In our first regression, [z.sub.it] is an indicator variable equalling 1 if there is at least one Tweet for that team in that second. We can use this first analysis as a baseline with which to compare our later analysis of Tweet tone; comparing the two will tell us how much information is in the actual content of the Tweets (rather than just the tagging). We use an indicator variable, rather than count the number of Tweets in a second, as the latter would lead to a substantial number of predicted values outside the unit interval (recall that there was one instance of 264 Tweets for a team in 1 second), and potentially bias our estimates. The results of our first regression can be found in Table 2. First, there is little evidence of a favorite-longshot bias, as the coefficient associated with implied win probability is insignificantly different from l. (7) The coefficient associated with the Tweet indicator suggests that teams win more often than betting prices imply when there is a Tweet, but the difference is not statistically significant. In other words, for the full inplay period, there is little evidence that the mere presence of a Tweet conveys information not in market prices.

At present, we have lumped together both original Tweets and retweets (the sharing of original Tweets). One way to break down our analysis is to separate these two types of Tweet out. It is possible that while original Tweets contain information on match outcomes, retweets do not. Alternatively, it may be that a Tweet is not relevant until validated by the another user who shares the information. In Table 2, we therefore repeat our first regression, but this time use an indicator variable for whether there was an original Tweet or a retweet, in regressions 2 and 3, respectively. We find little difference between the predictive power of original Tweets and retweets; neither have a significant effect across the full inplay data. There appears to be as much (or as little) information contained in the sharing of a Tweet as there is in the decision to Tweet in the first place. This holds for all of our analysis, so, to save on space, for the remainder of the paper we only describe the results for all Tweets, not original Tweets and retweets separately.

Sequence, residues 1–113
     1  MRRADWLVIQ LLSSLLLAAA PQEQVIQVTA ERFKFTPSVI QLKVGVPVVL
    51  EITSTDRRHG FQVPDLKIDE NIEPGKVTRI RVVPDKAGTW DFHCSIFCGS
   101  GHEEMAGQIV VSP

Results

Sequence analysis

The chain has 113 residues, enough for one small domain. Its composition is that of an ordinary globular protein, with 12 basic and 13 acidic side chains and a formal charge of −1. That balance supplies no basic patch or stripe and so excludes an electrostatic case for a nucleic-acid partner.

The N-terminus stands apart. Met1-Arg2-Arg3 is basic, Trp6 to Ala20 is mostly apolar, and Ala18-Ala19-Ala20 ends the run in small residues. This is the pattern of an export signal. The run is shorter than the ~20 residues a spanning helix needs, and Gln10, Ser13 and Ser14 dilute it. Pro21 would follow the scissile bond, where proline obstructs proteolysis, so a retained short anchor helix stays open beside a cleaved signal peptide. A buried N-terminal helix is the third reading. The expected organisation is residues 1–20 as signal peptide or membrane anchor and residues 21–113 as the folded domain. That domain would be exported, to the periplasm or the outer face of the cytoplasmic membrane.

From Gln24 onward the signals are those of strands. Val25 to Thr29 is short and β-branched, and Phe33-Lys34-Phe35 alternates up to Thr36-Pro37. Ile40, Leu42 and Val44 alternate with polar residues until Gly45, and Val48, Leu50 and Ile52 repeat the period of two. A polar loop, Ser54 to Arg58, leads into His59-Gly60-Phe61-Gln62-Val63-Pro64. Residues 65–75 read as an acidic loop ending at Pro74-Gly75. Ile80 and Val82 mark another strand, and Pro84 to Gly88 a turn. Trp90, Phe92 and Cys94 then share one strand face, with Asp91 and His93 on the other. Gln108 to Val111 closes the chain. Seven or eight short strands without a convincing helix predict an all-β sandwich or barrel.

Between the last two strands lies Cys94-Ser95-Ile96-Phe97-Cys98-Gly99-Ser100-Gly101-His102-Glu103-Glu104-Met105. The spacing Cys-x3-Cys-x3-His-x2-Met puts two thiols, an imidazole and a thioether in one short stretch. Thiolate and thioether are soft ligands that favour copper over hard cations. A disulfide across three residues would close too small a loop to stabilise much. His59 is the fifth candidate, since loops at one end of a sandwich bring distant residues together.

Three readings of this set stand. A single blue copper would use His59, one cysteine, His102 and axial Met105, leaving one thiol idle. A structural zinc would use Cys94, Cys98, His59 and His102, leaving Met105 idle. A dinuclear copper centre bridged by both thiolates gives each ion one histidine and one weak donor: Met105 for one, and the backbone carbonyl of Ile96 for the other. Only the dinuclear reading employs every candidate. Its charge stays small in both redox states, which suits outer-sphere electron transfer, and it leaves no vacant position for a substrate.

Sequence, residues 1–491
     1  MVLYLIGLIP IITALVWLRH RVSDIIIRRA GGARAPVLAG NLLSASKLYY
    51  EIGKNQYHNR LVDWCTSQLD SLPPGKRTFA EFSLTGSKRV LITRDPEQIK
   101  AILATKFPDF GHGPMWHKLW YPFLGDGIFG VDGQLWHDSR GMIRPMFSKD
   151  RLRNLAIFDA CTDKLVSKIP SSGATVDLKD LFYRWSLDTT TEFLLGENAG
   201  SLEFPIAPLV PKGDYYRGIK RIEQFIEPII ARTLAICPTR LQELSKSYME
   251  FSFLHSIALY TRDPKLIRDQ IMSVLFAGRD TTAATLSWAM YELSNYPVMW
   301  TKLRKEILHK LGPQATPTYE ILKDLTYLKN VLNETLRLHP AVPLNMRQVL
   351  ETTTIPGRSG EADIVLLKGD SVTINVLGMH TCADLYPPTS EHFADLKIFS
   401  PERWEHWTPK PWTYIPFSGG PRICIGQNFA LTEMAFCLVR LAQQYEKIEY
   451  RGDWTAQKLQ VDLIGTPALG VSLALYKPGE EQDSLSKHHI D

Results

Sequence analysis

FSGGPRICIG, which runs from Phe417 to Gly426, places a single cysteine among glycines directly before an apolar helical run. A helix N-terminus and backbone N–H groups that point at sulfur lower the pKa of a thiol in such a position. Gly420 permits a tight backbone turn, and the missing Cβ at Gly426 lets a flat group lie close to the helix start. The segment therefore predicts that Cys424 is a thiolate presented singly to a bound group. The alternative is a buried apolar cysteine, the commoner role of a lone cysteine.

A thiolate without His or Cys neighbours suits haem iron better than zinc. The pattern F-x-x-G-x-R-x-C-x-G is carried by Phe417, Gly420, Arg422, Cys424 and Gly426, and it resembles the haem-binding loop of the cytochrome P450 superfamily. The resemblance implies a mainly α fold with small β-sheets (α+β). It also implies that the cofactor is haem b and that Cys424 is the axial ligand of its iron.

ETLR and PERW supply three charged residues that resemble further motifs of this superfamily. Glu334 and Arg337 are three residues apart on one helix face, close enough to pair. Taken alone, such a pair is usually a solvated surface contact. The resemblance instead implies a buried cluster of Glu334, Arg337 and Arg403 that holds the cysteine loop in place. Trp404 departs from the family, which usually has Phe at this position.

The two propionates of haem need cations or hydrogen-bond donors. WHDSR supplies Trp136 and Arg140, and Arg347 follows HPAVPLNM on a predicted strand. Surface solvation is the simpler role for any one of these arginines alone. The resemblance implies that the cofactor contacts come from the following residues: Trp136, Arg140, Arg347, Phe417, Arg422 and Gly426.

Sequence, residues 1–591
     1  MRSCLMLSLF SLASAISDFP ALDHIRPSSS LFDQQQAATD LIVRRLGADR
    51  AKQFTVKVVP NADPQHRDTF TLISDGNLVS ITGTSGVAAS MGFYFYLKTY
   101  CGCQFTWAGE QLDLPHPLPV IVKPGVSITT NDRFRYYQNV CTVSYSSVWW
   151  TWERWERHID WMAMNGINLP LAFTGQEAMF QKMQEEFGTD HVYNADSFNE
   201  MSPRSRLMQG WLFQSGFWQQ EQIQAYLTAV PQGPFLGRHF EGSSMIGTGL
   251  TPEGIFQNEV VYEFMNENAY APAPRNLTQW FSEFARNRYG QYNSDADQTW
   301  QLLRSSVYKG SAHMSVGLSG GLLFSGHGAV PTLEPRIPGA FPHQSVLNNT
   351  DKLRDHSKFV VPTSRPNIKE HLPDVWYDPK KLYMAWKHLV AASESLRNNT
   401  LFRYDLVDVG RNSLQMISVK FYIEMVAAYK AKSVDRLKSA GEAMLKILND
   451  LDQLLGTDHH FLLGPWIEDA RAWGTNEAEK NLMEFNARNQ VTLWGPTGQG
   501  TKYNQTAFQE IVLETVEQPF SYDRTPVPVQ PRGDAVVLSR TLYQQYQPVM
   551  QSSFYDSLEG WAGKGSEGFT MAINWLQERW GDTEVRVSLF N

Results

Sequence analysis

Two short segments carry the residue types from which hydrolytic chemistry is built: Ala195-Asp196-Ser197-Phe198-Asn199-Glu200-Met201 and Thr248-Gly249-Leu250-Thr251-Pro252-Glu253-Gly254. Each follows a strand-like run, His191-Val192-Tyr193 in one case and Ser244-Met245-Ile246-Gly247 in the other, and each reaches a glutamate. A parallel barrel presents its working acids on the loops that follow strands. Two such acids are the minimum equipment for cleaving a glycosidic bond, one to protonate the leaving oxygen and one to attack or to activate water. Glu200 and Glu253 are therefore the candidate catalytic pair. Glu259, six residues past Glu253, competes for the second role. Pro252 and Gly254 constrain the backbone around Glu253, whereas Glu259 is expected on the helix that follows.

Our final analysis in Table 2 is on the tone of Tweets. As outlined in Table 1, there is great variation in the tone of a Tweet, as measured by the Nielsen (2011) dictionary. We would expect that if a Tweet is to convey information not already in betting prices, then much of this information will be in the content of the Tweet and not simply in the existence of a Tweet. With this in mind, we regress our win indicator variable on the implied win probability, and an indicator variable equalling 1 if aggregate tone--across all Tweets for that team in that second--is positive. Positive tone occurs in 20.9% of team-second observations and, conditional on there being at least one Tweet for that team, 46.5% of team-second observations. We find that positive tone does predict match outcomes in a way not fully captured by betting prices. Teams with positive tone tweeting in a given second are 3.39% more likely to win than a team without positive tone, after controlling for the implied win probability of contemporaneous betting prices. In other words, tone extracted from aggregate tweeting is a useful predictor of outcomes across the full inplay time period.